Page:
In relation to renewable energy, the 2009 EU Renewable Energy Directive sets Ireland a target of meeting 16% of our energy requirements from renewable sources by 2020, and we have committed to achieve this through meeting 40% of electricity demand, 12% of heat and 10% of transport from renewable sources of energy, with the latter target also being legally binding.

The most recent annual data from the SEAI indicates that 30.1% of electricity, 6.9% of heat and 7.2% of transport energy requirements were met from renewable sources at end 2017. Overall, SEAI analysis shows that 10.6% of Ireland’s energy requirements in 2017 were met from renewable sources, and that the projected 2020 outturn is in a potential range of up to 90% of the target.

Government has adopted a range of further policy measures and schemes to further incentivise the use of renewable energy including the new Renewable Electricity Support Scheme (RESS), Support Scheme for Renewable Heat (SSRH), and increased biofuels obligation and supports for electric vehicles. In addition, ESB Networks has expanded capacity for delivery of grid connection and My Department has strengthened co-ordination with  the Commission for Regulation of Utilities,  EirGrid and ESB Networks.

Questions Nos. 198 and 199 answered with Question No. 196.

Energy Policy

Questions (200)

Bernard Durkan

Question:

200. Deputy Bernard J. Durkan asked the Minister for Communications, Climate Action and Environment the extent to which an economic evaluation has been carried out of a shift away from dependency on fossil fuels here without reliance on imports; and if he will make a statement on the matter. [41500/18]

View answer

Written answers (Question to Communications)

Timely and reliable energy statistics underpin evidence-based decision making. The Sustainable Energy Authority of Ireland (SEAI) work closely with my Department and present a comprehensive overview of energy supply and demand in Ireland to inform Government policy.

The SEAI has a lead role in developing and maintaining comprehensive national and sectoral statistics for energy production, transformation, and end-use. This data is a vital input in meeting international reporting obligations, for advising policymakers, and informing investment decisions.

The SEAI have a specialist statistics team, the Energy Policy Statistical Support Unit (EPSSU), whose core functions include the collection, processing, and publishing of energy statistics to support policy analysis and development in line with national needs and international obligations; conducting statistical and economic analysis of energy services sectors and sustainable energy options; and contributing to the development and promulgation of appropriate sustainability indicators.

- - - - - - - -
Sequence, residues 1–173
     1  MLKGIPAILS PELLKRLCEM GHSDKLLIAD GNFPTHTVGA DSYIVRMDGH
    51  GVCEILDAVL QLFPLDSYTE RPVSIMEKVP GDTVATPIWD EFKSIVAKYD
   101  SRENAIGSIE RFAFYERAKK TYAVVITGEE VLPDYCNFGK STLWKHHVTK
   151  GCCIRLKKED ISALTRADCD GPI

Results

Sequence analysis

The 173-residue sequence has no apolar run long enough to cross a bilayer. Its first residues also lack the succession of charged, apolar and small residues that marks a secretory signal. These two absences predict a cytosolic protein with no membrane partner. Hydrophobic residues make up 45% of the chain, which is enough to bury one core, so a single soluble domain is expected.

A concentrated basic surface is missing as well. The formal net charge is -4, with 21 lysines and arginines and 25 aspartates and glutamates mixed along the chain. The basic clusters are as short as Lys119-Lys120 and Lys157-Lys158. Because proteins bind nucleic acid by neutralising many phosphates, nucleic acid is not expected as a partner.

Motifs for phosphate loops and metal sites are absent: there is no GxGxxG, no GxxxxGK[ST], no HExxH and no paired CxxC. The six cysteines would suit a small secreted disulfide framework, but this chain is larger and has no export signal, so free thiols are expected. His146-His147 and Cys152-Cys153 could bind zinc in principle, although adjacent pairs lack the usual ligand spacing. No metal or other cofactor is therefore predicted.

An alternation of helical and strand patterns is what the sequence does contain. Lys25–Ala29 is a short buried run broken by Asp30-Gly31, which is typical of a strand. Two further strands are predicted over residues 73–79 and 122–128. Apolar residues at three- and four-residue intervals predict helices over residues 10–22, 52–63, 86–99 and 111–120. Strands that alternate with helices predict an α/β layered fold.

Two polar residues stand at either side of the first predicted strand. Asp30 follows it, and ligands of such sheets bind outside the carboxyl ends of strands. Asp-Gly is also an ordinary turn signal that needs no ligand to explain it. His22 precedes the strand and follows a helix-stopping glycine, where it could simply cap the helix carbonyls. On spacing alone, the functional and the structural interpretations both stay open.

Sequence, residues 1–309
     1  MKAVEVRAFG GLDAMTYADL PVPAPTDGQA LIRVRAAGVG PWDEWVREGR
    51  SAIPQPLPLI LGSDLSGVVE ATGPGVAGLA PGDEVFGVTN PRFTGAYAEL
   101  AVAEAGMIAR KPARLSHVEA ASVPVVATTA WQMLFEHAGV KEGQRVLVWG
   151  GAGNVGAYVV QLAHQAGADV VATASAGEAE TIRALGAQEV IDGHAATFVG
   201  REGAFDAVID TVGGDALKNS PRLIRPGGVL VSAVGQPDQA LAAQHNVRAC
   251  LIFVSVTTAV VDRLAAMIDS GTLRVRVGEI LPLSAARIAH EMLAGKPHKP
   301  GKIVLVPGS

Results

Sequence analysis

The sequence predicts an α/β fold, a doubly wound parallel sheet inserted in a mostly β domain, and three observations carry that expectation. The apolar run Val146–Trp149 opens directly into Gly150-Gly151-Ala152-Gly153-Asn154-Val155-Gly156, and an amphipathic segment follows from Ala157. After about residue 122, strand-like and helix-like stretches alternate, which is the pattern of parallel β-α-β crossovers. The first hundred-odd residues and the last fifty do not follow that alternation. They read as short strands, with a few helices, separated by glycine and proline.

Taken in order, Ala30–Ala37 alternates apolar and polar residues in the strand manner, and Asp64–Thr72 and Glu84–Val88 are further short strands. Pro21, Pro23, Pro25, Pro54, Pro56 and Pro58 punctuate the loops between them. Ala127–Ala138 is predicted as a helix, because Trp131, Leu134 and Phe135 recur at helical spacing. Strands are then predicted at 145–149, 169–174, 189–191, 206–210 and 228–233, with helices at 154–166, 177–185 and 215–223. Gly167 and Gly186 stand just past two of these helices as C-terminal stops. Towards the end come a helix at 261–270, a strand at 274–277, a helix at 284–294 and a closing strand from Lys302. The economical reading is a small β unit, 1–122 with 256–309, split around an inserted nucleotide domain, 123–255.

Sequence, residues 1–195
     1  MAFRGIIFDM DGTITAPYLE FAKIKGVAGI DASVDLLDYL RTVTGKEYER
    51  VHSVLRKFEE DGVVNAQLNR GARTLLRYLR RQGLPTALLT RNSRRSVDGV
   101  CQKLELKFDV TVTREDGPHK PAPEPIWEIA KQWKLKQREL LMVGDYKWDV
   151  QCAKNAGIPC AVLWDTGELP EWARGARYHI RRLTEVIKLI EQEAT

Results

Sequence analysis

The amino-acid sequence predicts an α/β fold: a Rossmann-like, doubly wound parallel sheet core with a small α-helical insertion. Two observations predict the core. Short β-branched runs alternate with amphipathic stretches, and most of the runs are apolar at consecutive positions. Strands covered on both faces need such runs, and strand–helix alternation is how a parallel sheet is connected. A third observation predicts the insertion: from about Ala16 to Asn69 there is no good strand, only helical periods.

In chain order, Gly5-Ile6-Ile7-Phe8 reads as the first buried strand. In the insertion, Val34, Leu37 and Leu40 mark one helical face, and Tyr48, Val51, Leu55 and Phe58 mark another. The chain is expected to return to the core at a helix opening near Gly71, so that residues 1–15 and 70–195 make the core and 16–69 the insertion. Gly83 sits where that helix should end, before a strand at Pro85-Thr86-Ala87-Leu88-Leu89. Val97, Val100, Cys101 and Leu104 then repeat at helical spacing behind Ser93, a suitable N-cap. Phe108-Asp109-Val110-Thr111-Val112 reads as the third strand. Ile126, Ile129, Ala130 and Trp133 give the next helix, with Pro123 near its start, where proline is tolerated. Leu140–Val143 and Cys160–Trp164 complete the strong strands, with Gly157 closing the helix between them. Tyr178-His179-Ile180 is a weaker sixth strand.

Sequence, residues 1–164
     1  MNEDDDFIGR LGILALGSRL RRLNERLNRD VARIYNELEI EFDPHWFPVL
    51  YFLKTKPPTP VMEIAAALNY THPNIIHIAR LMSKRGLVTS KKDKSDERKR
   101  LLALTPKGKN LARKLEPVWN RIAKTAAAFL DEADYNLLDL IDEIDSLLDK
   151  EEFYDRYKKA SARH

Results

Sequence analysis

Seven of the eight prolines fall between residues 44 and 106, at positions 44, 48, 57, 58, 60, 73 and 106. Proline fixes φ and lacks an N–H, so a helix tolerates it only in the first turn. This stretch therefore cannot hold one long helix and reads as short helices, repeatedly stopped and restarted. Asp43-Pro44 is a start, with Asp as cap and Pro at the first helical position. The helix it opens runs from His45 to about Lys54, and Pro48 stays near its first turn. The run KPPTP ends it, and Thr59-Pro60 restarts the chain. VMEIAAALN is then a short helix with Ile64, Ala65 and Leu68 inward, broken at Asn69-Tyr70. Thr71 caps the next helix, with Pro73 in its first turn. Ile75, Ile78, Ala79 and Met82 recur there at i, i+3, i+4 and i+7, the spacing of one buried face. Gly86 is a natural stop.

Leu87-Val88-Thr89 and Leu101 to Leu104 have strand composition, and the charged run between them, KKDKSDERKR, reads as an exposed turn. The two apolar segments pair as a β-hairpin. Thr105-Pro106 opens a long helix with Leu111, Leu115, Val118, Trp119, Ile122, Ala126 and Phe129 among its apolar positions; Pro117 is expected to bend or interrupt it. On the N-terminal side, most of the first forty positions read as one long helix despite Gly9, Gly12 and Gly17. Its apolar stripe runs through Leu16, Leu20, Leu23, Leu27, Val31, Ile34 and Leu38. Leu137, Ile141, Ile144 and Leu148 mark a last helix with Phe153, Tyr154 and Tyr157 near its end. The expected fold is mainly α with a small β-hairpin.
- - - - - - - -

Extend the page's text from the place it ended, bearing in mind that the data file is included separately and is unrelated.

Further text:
As part of this work the SEAI publishes an annual “Energy in Ireland ” Report which presents national energy statistics on energy production and consumption over a set period. The latest available Report is the 2017 Report which covers the period 1990-2016. The 2018 Report, covering 1990-2017, is expected to be published in December this year.

The Report shows that Ireland has a high import dependence on oil and gas and is essentially a price taker on these commodities. However in 2016 Ireland’s energy import bill fell by €1.2 billion because of a reduction in fossil fuel imports. While most of this reduction in fossil fuel imports was due to a reduction in natural gas imports, thanks to the Corrib gas field reaching full production, the contribution of renewables avoided 3.9 million tonnes of CO2 emissions and saved €342 million in fossil fuel imports.

Climate Change Policy

Questions (201)

Bernard Durkan

Question:

201. Deputy Bernard J. Durkan asked the Minister for Communications, Climate Action and Environment the measures he has taken or plans to take to address the issues identified by climatologists as being the most relevant and necessary to address in the short to medium term; and if he will make a statement on the matter. [41501/18]

View answer

Written answers (Question to Communications)

I understand from the Deputy’s question that “the issues identified by climatologists” are those referring to the impacts of climate change. This week’s publication of the Intergovernmental Panel on Climate Change’s Special Report on the Impacts of Global Warming of 1.5°C confirms that impacts due to past and current emissions are inevitable and we must prepare for them. The report states that we are already seeing the consequences of 1°C of global warming through more extreme weather, rising sea levels and diminishing Arctic sea ice, among other changes.

The impacts for Ireland are in line what we are seeing globally. In 2017 the EPA published its second “State of Knowledge” report on climate change impacts for Ireland. While uncertainties remain on the exact scale of the impacts, it is becoming apparent that trends in the temperature and precipitation records as well as those relating to sea level and ecosystems are a cause for concern and that these trends are set to continue.

In January of this year I published Ireland’s first statutory National Adaptation Framework (NAF) which represents our national policy response to the challenges posed by the impacts of climate change. The Framework sets out the context to ensure local authorities, regions and sectors can assess the key risks and vulnerabilities of climate change, implement climate resilience actions, and ensure climate adaptation considerations are mainstreamed into all local, regional and national policy making.